Cultural difference in the application of the diagnosticity principle to schematic faces

Guomei ZHOU, Xiaolan FU*, William G. HAYWARD, Vance LOCKE, Elizabeth PELLICANO

*Corresponding author for this work

Research output: Journal PublicationsJournal Article (refereed)peer-review

2 Citations (Scopus)


Tversky's (1977) diagnosticity principle implies that categorization affects similarity, and that similarity in turn is based on context. However, Nisbett, Peng, Choi, and Norenzayan (2001) suggest that Chinese and Westerners differ in their sensitivity to context and categorization. Because of these differences, it is not clear whether Chinese should follow the diagnosticity principle. To explore these possibilities, we conducted a cross-cultural experiment using participants from Australia and China to repeat the experiment of Tversky (1977) using schematic faces as stimuli. Results showed that Australians, but not Chinese, made similarity judgments in a manner compatible with the diagnosticity principle. We suggest that: 1) the use of the diagnosticity principle depends upon contextual variables for Chinese people; and 2) Chinese participants judged neutral schematic faces as more positive than Western participants did.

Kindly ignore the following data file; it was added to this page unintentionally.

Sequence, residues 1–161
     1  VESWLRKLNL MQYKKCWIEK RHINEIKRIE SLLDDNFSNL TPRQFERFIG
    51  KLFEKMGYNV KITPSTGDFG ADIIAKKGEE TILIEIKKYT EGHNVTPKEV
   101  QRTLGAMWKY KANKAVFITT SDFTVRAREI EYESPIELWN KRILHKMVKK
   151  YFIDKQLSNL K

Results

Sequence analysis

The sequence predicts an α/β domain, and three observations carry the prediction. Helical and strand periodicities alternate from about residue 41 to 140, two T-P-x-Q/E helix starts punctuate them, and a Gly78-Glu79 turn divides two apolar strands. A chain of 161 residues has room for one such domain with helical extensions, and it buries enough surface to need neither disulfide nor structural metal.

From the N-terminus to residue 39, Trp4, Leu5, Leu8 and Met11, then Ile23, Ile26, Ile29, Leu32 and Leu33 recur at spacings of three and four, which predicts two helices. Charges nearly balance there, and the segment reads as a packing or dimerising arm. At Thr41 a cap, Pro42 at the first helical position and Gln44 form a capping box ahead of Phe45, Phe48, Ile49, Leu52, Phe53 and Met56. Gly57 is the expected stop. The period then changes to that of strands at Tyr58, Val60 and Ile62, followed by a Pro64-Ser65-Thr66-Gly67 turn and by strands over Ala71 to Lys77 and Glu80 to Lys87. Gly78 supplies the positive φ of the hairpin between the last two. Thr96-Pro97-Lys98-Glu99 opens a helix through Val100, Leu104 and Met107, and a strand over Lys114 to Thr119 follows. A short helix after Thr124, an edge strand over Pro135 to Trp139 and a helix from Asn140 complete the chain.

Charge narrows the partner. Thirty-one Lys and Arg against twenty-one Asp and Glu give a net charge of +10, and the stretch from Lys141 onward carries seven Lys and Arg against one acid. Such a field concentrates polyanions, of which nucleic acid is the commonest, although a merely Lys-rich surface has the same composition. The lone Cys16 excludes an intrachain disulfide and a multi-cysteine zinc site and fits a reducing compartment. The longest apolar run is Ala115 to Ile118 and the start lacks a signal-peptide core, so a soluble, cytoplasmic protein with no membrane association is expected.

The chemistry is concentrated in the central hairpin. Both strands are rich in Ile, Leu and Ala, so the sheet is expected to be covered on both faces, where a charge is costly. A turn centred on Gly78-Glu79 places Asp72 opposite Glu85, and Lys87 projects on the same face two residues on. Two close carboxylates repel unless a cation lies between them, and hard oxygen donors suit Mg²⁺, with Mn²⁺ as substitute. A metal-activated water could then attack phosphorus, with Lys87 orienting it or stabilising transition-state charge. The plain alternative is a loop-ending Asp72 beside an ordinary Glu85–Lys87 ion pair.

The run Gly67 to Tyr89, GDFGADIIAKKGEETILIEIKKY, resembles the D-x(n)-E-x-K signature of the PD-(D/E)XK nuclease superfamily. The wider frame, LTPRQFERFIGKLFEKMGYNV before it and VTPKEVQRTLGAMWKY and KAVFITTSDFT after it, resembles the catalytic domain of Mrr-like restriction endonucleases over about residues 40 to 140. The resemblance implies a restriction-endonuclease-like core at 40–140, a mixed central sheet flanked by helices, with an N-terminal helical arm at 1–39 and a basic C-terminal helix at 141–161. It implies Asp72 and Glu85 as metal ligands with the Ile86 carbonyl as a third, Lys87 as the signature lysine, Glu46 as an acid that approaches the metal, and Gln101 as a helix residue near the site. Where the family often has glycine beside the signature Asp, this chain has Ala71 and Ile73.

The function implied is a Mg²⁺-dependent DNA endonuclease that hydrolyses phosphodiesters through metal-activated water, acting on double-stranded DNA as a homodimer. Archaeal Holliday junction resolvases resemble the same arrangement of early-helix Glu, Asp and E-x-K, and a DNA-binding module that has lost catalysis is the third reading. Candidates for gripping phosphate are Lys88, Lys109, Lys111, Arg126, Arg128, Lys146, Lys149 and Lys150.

Original languageEnglish
Pages (from-to)240-247
Number of pages8
JournalJournal of Cognition and Culture
Issue number1-2
Publication statusPublished - 2005
Externally publishedYes

Bibliographical note

Funding Information:
This research was supported by the fund of 973 Program of Chinese Ministry of Science and Technology (2002CB312103), the fund of National Natural Science Foundation of China (60433030), and the fund of Chinese Academy of Sciences to the second author.


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